“We walked out of the room with the sense that the police commissioner took everything we said to heart and that there would be follow-up in regard to attacks against the residents of Crown Heights,” Miller added.
Before he left the room, Sugar said he handed Kelly a packet of material listing three crimes in Crown Heights that he said the police had failed to properly investigate:
A chasidic man walking home with a friend at 3 a.m. last July was approached by a black man who asked for a cigarette and money. The pair continued walking and the black man punched the man in the head. “F—Jew,” the black man screamed. “I’m going to complete what Hitler started.”
He assailant then fled.
A chasidic man was attacked with a metal object and robbed last August by two black men who knocked out five of his teeth before they fled. Sugar said the robbery appeared to be a byproduct of the assault because the assailant never asked for money.
A brick thrown from the roof of a building in Crown Heights crashed through the skylight of a private home. Three days later, a five-gallon can of tar was thrown off a roof and landed on a deck in the rear of someone’s home. There were no injuries but community leaders said police did not appear to take the incidents seriously.
A similar complaint was voiced by Yacov Young, who said that about 90 minutes before Balkany was attacked, a group of black teenagers beat up two chasidic yeshiva students as they walked along the street. He said he heard the commotion and ran outside as he radioed for help. The assailants fled, and Young said he and the two victims followed them for several blocks until they stopped at a house.
Young said he then spotted a police car and asked for help but that the officer said that since the attack took place in a different precinct, he would have to file the complaint there.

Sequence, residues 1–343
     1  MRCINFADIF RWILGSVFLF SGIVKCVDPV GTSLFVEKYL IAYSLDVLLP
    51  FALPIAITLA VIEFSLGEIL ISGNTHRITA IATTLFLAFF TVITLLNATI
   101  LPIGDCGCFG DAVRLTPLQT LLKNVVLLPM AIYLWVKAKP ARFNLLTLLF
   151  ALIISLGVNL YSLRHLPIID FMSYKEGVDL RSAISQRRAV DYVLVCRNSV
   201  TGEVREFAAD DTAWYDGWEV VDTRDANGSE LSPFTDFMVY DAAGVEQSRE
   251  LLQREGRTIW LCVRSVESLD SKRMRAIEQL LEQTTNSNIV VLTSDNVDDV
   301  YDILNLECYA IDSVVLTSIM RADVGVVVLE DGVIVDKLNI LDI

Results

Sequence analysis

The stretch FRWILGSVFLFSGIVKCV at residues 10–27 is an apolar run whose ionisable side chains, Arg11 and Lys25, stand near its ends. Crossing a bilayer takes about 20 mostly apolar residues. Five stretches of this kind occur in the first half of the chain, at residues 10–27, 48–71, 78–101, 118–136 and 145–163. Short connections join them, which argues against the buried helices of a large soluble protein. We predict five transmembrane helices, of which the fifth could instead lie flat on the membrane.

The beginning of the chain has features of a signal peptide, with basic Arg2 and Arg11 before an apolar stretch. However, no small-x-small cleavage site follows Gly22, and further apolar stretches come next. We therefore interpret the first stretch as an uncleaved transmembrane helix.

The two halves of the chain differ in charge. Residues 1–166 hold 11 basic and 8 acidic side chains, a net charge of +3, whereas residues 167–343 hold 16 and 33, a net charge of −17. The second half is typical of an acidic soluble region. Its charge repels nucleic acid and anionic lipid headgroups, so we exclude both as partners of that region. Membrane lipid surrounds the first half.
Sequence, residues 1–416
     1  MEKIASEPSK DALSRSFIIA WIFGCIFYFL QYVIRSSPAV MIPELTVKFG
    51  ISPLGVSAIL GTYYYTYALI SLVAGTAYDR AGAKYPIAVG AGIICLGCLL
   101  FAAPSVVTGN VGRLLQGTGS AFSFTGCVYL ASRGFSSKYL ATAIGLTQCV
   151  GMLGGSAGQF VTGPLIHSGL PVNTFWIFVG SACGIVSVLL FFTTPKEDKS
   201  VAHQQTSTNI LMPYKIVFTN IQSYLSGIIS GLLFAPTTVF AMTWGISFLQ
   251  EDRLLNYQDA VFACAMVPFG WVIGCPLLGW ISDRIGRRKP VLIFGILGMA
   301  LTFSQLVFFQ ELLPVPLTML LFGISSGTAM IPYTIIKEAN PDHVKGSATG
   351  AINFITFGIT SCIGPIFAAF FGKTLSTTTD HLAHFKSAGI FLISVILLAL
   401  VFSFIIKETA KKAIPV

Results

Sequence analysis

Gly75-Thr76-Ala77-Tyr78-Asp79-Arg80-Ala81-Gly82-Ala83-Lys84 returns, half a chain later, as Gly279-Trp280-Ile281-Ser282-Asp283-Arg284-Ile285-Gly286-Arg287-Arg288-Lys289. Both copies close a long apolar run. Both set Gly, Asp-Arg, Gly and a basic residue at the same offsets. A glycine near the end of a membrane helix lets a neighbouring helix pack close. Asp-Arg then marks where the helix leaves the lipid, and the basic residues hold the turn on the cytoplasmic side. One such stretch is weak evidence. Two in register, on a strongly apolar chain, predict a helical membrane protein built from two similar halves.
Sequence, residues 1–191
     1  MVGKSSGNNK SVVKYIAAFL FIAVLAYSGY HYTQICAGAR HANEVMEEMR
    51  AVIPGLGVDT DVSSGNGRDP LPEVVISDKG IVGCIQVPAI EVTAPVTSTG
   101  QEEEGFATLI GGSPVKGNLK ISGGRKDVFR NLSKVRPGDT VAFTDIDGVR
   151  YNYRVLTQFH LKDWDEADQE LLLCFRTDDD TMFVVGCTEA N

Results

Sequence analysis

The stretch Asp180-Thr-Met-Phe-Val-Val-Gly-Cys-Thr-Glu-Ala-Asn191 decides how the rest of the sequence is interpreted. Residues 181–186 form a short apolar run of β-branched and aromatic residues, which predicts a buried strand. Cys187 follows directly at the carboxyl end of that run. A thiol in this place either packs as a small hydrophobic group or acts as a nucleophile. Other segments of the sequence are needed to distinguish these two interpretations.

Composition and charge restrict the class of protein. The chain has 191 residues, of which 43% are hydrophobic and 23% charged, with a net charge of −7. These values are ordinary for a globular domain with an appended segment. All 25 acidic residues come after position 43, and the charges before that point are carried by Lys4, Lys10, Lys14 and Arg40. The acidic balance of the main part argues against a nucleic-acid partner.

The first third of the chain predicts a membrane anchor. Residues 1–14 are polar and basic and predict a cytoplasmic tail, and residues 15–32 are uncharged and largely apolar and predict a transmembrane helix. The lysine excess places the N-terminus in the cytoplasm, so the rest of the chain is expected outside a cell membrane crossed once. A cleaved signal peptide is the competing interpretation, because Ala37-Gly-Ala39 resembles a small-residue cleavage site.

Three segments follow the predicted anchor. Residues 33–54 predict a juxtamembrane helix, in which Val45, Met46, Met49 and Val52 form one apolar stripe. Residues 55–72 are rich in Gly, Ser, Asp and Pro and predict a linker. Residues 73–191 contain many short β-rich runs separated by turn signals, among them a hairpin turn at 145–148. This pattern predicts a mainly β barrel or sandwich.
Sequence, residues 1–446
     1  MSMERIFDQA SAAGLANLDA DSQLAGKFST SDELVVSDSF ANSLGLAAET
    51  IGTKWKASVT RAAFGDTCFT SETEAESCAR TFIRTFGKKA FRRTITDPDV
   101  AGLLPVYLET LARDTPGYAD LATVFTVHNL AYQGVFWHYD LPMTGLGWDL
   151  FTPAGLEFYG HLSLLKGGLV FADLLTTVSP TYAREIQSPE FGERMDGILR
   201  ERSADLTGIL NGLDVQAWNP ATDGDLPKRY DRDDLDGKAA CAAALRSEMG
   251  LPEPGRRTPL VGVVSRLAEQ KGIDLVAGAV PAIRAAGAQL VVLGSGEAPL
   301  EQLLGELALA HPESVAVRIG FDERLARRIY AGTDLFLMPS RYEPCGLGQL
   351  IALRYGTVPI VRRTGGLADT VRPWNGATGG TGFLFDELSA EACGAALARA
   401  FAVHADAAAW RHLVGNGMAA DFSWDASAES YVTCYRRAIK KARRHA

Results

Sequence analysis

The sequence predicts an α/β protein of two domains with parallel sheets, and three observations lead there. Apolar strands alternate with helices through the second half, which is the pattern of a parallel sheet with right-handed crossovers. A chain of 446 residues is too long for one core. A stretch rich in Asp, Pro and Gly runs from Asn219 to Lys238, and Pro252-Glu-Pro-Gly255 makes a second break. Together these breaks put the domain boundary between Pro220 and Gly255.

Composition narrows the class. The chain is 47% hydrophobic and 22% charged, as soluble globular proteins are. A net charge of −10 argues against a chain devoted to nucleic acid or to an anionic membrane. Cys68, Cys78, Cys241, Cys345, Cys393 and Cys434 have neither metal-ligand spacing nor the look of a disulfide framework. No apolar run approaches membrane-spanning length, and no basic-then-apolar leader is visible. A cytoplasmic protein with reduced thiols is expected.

“I said I had the victims of the attackers with me, and she just drove away,” he said.
Hikind said that although he represents Borough Park and not Crown Heights, he became involved because residents of Crown Heights called him with complaints about the police.
“This is a serious situation,” he said later. “I’m glad the police commissioner came. There is a lot of anger and resentment in the street.”
One resident, Rochelle Dagan, said she is “really scared” by the rash of bias attacks.
“Hoodlums are walking around,” she said. “It’s happening lately too much. Something should be done. I can’t walk the streets anymore.”
Although the Police Department has announced that it plans to deploy some rookie police officers to beef up protection, the department did not say how many would be assigned.
And Kelly stressed that the department has “limited resources.”
“I think they’re deployed adequately and appropriately in this community,” he said.
Rabbi Robert Kaplan, director of the JCRC’s intergroup division, CAUSE-NY, said the fact that black and Jewish leaders were able to gather so quickly to denounce last Friday’s attack “is a very important statement as to where we are today as opposed to 1991.”
He was referring to the Crown Heights riots that lasted from Aug. 19-22 in which — following the accidental killing of a 7-year-old black boy by a car in the Lubavitcher rebbe’s motorcade — black youths attacked chasidic Jews and their property. “It’s proof that relationship-building is essential to meet these challenges,” he said.
Richard Green, a black leader who is chief executive of the Crown Heights Youth Collective, a group that provides social services and programs for young people, said that blacks and Jews would always stand together because both are victims of crime.
And Rabbi Marc Schneier, president of the Foundation for Ethnic Understanding, a group that promotes racial tolerance, said he was pleased that the Rev. Al Sharpton also criticized the attack on Balkany.
“I welcomed his condemnation in light of his contrasting role in the Crown Heights riots of 1991,” Rabbi Schneier said. “If I recall, at that time he referred to Jews as interlopers and his remarks fanned the flames during the riots. We’ve come a long way.”